Estimate of Tidal Q of Mars Using MOC Observations of the Shadow of Phobos

Emma Rainey, California Institute of Technology

Photo of Emma Rainey

Phobos, the larger of the two small moons of Mars, is undergoing rapid orbital evolution due to tidal interaction with Mars. Phobos is very close to Mars, with a mean distance of only 2.8 RMars, within the synchronous orbital distance. Thus, Phobos’s orbit is moving inward. The rate of this secular acceleration can give us information about tidal dissipation in the interior of Mars. Although Phobos has been extensively studied since its discovery in 1877, few new observations have occurred since 1990. We have used images from the Mars Orbiter Camera (MOC) to indirectly observe Phobos using its shadow on the surface of Mars. The observed position of Phobos’s shadow agrees well with predictions based on the current orbital model, except that Phobos is getting slightly ahead of its predicted position, a result also found by Bills et al. (2005) using Mars Orbiter Laser Altimeter (MOLA) detections of the Phobos shadow. Using the MOC and MOLA datasets, we calculate a revised value for the secular acceleration of Phobos, and use this to estimate the tidal Q of Mars.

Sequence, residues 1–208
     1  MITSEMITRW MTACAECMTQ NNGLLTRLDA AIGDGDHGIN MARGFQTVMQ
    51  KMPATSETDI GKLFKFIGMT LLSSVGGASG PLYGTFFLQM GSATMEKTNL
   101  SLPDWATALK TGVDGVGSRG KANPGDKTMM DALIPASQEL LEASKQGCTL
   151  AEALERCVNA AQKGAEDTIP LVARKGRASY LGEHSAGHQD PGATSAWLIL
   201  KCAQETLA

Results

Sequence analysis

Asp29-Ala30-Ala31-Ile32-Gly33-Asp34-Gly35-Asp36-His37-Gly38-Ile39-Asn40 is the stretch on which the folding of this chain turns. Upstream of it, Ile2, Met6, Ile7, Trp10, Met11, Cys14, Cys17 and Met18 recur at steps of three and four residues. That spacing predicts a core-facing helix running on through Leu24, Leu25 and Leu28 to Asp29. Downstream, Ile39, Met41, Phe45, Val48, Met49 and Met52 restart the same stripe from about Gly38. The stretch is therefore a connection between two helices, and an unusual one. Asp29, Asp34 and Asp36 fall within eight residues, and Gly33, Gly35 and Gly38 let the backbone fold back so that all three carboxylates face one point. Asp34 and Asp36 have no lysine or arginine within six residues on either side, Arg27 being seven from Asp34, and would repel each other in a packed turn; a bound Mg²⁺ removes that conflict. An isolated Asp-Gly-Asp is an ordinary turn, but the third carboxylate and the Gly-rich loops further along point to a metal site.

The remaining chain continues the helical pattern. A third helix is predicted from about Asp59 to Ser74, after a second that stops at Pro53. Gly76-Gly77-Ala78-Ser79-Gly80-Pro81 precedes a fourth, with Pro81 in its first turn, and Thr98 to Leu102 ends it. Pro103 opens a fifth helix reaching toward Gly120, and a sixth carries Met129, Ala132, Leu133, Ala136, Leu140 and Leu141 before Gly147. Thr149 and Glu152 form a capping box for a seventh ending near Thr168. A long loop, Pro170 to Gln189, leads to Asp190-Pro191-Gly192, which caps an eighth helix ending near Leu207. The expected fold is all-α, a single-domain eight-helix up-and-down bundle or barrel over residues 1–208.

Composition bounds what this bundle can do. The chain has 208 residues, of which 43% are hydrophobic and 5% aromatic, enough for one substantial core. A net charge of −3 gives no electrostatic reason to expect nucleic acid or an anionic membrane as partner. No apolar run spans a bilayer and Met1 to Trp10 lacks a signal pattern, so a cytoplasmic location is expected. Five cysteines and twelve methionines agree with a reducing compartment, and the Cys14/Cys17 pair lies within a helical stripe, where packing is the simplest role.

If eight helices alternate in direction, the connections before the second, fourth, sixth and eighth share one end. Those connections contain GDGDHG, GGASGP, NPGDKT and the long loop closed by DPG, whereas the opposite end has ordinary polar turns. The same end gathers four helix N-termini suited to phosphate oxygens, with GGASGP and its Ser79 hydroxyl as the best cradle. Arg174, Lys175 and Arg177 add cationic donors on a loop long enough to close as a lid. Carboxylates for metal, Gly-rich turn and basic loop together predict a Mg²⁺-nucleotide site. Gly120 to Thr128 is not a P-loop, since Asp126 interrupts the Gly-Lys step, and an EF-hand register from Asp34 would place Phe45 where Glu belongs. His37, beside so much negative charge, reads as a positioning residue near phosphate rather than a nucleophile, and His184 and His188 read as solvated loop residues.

Abstract Author(s): Emma S. G. Rainey<br />Oded Aharonson